Photo by David Lingle
Frankie Hribar, a Ford Motor Co. retiree, continues to teach welding on a part-time basis at the UAW Ford Technical Training Center in Lincoln Park, despite undergoing dialysis three times a week necessitated by declining kidney function caused by polycystic kidney disease, a genetic disorder.
By SUE SUCHYTA
When Ford Motor Co. retiree Frankie Rhibar, now a part-time welding instructor, started dialysis last March for hereditary kidney disease, he decided the best way to remain healthy was to keep teaching.
“When I am in class I have no thought of (dialysis),” Hribar said. “When you are at home, you dwell.”
Hribar, a Dearborn native and a Fordson High School graduate now living in Allen Park, spent 35 years working at the Ford Rouge plant. He retired in June 2000, and received an offer in September 2000 to teach welding to apprentices and other United Auto Worker employees at the UAW Ford Technical Training Center in Lincoln Park.
Hribar said living moderately, watching what he eats and following the directions of the medical personnel at DaVita Dialysis in Dearborn help him feel better.
He chose the Dearborn location because he can teach until 2 p.m. and then go to DaVita and have a full dialysis treatment at 2:15 p.m. On days when he does not teach, he goes in earlier for dialysis if equipment is available.
Hribar said he discovered that developing a positive attitude was an important aspect of his treatment as well.
“I have been a pessimist all my life,” Hribar said. “But this has taught me patience. It taught me gratitude and how important life is to me, (especially) with my grandkids.
“You know, you can go at any time. But you have to have a little better attitude. If you are going to mope around, you are not going to last long. I do not plan on doing that.”
He said polycystic kidney disease, which his mother also had, is a slow, progressive condition, and he has nearly completed the steps and tests he needs to gain placement on a kidney transplant list. Sharon Hribar, his wife of 47 years, has offered him one of her kidneys, but he said he does not want her to risk the transplant surgery.
“If something happened to her — and things happen on an operating table that you cannot foreseem — it would just obliterate me,” Hribar said.
He credits the people he works with at the UAW Ford Technical Training Center for being supportive of him. He said being able to continue teaching lowers his blood pressure.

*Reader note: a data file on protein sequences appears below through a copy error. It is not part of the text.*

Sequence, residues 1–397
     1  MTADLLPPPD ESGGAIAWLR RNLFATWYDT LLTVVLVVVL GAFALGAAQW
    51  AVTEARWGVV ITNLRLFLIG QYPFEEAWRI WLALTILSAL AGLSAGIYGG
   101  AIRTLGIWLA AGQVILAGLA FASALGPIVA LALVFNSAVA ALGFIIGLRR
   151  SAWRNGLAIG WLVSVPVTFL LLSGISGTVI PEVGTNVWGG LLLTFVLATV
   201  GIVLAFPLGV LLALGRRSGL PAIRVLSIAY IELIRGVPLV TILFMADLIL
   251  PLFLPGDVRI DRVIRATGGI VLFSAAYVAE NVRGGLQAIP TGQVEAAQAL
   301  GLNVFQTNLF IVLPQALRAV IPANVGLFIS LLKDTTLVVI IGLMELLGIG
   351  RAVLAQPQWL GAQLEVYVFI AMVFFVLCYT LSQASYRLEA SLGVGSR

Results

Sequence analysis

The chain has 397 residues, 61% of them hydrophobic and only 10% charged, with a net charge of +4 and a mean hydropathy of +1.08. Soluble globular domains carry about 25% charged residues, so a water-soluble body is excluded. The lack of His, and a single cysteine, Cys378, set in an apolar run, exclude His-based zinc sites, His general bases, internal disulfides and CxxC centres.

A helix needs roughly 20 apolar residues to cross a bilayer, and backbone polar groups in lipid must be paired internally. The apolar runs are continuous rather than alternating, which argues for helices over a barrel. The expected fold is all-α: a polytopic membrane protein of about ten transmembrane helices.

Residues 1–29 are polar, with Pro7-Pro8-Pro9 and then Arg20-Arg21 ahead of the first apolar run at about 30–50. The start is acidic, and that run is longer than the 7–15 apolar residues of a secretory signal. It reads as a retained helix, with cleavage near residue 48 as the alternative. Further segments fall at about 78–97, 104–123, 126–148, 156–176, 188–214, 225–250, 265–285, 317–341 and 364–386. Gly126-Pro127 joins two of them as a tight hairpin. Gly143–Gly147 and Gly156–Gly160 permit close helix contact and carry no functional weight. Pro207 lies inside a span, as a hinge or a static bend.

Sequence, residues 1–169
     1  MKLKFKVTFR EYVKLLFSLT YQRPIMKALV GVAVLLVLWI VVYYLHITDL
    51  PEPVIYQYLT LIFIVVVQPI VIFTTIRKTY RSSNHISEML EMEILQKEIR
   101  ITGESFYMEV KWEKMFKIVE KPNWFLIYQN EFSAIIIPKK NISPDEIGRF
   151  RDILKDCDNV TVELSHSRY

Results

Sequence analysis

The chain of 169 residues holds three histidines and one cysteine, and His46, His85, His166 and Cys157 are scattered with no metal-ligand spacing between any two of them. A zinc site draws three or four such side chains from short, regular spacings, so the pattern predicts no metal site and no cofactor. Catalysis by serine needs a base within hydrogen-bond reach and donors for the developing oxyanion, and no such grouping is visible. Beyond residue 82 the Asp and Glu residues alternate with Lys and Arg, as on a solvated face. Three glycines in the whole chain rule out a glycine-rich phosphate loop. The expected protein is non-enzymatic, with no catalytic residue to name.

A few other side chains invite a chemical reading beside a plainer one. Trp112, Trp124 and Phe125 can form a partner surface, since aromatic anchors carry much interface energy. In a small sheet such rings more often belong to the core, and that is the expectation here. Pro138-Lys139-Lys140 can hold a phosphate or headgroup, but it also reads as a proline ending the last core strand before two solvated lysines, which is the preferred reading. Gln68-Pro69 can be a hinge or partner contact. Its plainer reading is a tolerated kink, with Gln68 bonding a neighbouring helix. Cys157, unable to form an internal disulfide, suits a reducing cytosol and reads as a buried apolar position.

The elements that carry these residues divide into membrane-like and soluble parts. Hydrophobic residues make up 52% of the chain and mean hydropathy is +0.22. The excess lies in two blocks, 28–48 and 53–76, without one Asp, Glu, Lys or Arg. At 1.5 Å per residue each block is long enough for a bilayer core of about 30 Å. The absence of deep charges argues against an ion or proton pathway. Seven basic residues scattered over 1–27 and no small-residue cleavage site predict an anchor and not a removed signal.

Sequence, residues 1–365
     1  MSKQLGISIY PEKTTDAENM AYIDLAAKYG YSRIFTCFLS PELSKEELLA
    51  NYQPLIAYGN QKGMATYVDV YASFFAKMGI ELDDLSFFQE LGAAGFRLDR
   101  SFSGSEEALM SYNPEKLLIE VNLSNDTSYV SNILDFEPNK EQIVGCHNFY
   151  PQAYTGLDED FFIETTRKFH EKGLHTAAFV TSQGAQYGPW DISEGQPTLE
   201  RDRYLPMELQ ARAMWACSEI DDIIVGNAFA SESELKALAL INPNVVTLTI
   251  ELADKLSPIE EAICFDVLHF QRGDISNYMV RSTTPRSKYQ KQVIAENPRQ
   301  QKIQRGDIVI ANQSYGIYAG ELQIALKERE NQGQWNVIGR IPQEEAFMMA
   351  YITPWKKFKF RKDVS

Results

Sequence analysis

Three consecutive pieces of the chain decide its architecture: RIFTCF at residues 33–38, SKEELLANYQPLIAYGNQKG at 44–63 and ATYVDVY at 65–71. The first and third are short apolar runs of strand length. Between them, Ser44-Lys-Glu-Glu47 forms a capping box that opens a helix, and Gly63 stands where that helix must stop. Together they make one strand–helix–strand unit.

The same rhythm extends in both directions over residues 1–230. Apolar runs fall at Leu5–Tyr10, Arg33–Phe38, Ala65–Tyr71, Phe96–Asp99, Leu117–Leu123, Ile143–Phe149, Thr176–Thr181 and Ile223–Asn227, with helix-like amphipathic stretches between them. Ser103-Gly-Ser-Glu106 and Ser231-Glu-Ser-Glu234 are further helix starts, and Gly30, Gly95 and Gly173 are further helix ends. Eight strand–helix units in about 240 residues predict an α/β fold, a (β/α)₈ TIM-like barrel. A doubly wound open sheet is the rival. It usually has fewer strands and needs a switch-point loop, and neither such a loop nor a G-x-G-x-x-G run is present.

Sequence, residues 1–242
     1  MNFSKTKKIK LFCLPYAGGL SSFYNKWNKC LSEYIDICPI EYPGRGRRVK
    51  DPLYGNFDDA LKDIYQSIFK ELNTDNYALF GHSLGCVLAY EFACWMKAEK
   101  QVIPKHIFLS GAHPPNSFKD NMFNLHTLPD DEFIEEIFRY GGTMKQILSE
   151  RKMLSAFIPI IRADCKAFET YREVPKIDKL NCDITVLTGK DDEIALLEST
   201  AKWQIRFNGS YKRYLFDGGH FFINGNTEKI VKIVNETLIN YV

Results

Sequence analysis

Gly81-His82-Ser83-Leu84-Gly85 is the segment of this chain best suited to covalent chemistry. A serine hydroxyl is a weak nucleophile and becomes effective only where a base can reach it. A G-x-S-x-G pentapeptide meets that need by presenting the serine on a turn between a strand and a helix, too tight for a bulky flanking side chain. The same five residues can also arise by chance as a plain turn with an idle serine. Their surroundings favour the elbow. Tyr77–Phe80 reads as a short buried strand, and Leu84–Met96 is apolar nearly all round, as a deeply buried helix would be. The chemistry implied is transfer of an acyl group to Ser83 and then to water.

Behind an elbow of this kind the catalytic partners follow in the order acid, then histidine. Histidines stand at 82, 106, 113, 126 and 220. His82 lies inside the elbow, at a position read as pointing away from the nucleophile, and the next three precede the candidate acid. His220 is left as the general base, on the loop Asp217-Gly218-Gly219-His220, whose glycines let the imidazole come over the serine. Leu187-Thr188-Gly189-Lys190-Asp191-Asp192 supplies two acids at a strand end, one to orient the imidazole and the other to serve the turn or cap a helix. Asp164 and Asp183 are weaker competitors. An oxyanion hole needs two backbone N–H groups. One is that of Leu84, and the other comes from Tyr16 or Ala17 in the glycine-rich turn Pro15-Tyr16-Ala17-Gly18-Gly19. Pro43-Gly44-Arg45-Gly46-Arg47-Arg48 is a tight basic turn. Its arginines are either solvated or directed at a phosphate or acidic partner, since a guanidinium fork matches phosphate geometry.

He added that keeping busy keeps his mind off his worries.
When he is teaching, it is a combination of classroom work and field work in a welding shop.
While he originally taught welding to skilled trades workers, he now teaches participants who work in the plant as part of a UAW and Ford initiative to provide additional skills to their hourly workforce in what he describes as a very intense training program.
He said that while he does have his “down” days, he has more “up” days than he did before he began treatment, which is three times a week for a three-hour session, as dialysis replaces kidney function by removing excess fluids and toxins from the body.
“When I first went on (dialysis) I was devastated,” Hribar said. “As soon as the doctor told me I had to go on dialysis, I was like, ‘Oh, no,” but you have beautiful people here (at DaVita). This place is really good.”
Justin Forbis in Communications for Team Mercury at DaVita said dialysis is a demanding and taxing process on the body, and while Hribar continues to work it keeps his mind occupied and gives him a sense of self-worth.
“Frankie sees himself as having a disease but won’t allow it to dictate his life, an inspiration that many can draw from,” Forbis said.
Hribar said he sees things through a different perspective now, and if he were to get a kidney from the transplant list, he would travel and play more golf, but he would continue to teach welding.
“I love it,” he said. “You have to love your job. I you are not engrossed with your job and happy with your job, you are miserable and you want to retire, and that is why most people retire – they do not like what they are doing. I do.”
He said that while he would not want to go back to work in a plant setting, he enjoys his work as a trainer.
“It is gratifying to see somebody’s eyes go, ‘Wow! I do know that now,’” Hribar said. “It’s great.”